2011-03-09 / Front Page

New ballet dances into Chesterfield

By Jacqueline Raithel
CONTRIBUTING WRITER


The Stavna Ballet Company includes (from left) Lauren Gibson, Heather Bell, Mandy James and Shannon McConville. 
Page Dowdy/Chesterfield Observer The Stavna Ballet Company includes (from left) Lauren Gibson, Heather Bell, Mandy James and Shannon McConville. Page Dowdy/Chesterfield Observer There’s a new show in town, literally. The Stavna Ballet Company danced its way into existence in December 2010 and debuted at the Virginia Dance Festival in January.

Chesterfield’s newest nonprofit ballet company drew some attention at the festival because of its performance, and for another reason: The company is composed of teachers, business professionals and moms, who are also professional-quality ballerinas who use their dancing for the benefit of the community.

“It’s a pretty unique and awesome opportunity,” said Heather Bell, one of Stavna’s principal dancers. “I’m an adult, and I haven’t danced since college, so it’s cool to get back into a company and to perform again. Something that makes Stavna different is that most of the time adults don’t have the opportunity to give back to the community through the arts.”

As a nonprofit, Stavna has a board of directors that helps the group decide where to become involved. Upcoming performances include participation in the Junior League of Richmond’s Kids in the Kitchen event and a fundraising event for the prom at Thomas Dale High School, home of the school system’s Visual and Performing Arts Center. The company has also begun planning for an important show in August at the Firehouse Theatre Project in Richmond.

Right now there are only four dancers in the Stavna company. They’re all students of Shannon McConville, who teaches ballet at the Spotlight Studio of Dance in Midlothian. She selected them for their talent and their desire to perform again.

Creating Stavna is the fruition of a lifelong dream, she said. McConville already completed a 10-year ballet career with the San Diego Ballet, but for the other dancers, this is a first-time crack at chasing down their own childhood dreams.

“My lifelong dream was to be a ballerina,” Bell said. “I feel like I’m in the midst of fulfilling my lifelong dream.”

It’s not just Bell that feels that way.

“I get to live that little part of a childhood dream and be a ballerina,” said Mandy James, a teacher at Midlothian High School. “People are like, ‘Really? You’re buying pointe shoes? You’re 30.’”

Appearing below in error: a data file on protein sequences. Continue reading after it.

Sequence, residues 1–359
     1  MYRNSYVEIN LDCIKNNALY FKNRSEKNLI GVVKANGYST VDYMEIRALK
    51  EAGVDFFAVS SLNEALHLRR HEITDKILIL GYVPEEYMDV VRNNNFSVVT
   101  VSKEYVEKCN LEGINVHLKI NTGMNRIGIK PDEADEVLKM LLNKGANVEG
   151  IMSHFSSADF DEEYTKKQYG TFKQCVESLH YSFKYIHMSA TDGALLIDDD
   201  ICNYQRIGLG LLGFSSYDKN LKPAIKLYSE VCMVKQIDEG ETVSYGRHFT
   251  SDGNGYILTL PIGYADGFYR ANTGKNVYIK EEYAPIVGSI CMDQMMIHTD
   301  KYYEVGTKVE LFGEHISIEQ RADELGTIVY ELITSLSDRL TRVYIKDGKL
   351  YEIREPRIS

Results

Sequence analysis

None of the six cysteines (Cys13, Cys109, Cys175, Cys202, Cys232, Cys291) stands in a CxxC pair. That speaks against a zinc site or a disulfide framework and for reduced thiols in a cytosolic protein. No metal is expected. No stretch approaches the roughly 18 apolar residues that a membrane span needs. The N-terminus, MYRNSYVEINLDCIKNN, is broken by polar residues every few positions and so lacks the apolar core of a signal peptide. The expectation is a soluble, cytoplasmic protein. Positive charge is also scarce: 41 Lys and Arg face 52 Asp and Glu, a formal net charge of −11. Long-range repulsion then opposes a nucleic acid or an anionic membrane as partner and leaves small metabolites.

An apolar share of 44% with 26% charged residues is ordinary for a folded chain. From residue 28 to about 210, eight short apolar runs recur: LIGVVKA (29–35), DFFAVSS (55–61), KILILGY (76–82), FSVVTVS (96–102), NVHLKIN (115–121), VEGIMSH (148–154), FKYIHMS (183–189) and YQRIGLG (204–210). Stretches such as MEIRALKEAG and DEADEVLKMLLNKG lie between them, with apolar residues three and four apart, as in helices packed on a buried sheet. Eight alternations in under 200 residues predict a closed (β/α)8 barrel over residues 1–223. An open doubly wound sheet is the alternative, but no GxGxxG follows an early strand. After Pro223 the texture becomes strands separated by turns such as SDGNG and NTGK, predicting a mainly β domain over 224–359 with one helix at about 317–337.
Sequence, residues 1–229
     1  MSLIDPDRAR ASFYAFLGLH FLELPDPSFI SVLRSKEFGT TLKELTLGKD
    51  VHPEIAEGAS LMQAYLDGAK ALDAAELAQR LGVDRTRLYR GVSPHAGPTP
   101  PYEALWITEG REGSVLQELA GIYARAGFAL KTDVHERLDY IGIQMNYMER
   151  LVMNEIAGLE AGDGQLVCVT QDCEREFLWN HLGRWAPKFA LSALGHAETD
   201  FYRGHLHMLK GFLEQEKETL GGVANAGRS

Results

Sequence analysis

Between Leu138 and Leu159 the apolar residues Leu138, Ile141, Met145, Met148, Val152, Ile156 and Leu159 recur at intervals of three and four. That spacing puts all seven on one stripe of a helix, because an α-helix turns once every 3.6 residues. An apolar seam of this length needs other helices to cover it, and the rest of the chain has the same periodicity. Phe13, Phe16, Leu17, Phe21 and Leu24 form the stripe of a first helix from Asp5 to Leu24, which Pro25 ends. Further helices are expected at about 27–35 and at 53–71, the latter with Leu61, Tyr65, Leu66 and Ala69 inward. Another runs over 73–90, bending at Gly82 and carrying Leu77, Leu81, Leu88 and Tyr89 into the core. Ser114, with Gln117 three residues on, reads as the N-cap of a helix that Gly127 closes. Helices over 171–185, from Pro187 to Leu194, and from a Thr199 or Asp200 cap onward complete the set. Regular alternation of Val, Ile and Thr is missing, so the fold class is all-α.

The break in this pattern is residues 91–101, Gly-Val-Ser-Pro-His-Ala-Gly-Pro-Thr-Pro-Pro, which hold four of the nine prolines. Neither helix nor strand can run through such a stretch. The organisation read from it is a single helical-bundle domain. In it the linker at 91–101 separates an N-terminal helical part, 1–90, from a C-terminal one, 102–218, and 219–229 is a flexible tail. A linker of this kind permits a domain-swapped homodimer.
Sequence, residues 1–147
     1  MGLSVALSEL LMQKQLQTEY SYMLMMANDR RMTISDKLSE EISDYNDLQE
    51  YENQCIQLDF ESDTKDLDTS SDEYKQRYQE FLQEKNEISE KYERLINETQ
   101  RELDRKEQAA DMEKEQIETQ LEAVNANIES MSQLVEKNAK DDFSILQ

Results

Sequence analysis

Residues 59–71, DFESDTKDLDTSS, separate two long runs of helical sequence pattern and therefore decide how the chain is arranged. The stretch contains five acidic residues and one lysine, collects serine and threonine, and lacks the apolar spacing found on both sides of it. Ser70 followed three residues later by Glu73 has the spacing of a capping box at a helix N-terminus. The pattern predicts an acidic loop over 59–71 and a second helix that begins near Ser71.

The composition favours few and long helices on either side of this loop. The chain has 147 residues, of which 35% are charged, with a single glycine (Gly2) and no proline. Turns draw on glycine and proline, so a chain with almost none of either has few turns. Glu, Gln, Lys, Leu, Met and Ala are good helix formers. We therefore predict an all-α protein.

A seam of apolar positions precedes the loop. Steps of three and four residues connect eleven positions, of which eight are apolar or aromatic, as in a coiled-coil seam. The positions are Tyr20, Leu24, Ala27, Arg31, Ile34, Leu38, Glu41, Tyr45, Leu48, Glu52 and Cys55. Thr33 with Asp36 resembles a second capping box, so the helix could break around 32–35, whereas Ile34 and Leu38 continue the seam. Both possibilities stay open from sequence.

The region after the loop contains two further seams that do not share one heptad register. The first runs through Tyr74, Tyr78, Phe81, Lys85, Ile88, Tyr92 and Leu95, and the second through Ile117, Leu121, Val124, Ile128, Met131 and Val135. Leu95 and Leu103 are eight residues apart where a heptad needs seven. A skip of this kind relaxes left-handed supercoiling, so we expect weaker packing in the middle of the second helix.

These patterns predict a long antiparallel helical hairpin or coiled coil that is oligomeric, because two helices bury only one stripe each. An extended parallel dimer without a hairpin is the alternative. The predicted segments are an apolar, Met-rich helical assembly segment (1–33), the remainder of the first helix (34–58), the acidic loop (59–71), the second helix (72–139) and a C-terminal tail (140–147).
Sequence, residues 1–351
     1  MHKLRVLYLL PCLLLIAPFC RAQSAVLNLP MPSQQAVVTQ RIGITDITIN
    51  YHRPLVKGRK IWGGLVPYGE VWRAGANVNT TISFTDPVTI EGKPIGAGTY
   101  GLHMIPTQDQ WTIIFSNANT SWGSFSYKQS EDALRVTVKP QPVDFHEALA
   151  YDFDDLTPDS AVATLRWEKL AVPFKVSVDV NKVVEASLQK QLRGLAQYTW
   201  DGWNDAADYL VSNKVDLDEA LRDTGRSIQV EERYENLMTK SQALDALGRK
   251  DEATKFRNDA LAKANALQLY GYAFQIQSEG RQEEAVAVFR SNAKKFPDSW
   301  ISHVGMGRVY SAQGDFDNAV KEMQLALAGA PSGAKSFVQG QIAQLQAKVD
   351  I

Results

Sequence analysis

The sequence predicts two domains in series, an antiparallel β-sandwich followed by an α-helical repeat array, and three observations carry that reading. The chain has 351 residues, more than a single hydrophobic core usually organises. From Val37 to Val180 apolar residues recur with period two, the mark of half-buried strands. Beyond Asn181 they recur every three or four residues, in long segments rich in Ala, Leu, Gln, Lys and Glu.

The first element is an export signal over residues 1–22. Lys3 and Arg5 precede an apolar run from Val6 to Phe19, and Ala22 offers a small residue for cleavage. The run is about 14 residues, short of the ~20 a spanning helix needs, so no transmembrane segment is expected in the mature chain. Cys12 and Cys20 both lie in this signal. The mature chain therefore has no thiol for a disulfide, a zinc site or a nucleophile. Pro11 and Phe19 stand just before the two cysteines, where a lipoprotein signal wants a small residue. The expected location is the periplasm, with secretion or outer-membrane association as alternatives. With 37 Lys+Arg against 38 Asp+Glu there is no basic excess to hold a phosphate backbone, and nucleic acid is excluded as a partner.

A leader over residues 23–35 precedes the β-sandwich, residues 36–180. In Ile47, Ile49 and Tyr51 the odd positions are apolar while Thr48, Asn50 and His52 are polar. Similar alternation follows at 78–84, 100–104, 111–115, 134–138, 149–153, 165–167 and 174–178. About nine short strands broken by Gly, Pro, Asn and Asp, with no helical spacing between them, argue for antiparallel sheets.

For most dancers, being 25 means they’re almost too old for professional dancing. But, they’re not too old for Stavna.

“Stavna Ballet Company is a chance for me to do what I love,” said Lauren Gibson, a Stavna dancer. “It’s freedom with no boundaries. There’s no age limit, and there’s no creative limit.”

Stavna’s mission is three-pronged: to provide an outlet for adult dancers to continue pursuing their passion, to present high-quality dance performances that represent a fusion between classical ballet and contemporary dance and to share the arts with the community.

As the company’s founder and artistic director, all of the choreography comes from McConville. It’s unique because it’s rooted in classical ballet, but branches out into contemporary dance, explained Katie Morris, SBC board member.

Though the Stavna dancers may be older than typical ballerinas, and they might spend most of their days working at other careers, McConville still holds them to a high standard.

“Shannon records every rehearsal,” Bell said. “She is insistent on perfection because this is her creation. She wants audiences to get what they deserve.”

So far, it seems they have.

“We did the performance at the Virginia Dance Festival, and because it was our first show, I didn’t know what to expect,” Bell said. “But after, people were stopping us – studio owners – asking, ‘Where do you come from?’ They thought we were Russian. I said, ‘No, I’m from Chesterfield.’”

The last prong of the company’s mission is to engage the community by sharing a passion for the arts – specifically ballet. That’s why the company intends to give its time to events such as Kids in the Kitchen.

“Once we get out there with our leotards and our tutus, people see us and say, ‘Hey, show us what you can do,’” Bell said. “There’s a little bit of magic in a pointe shoe.”

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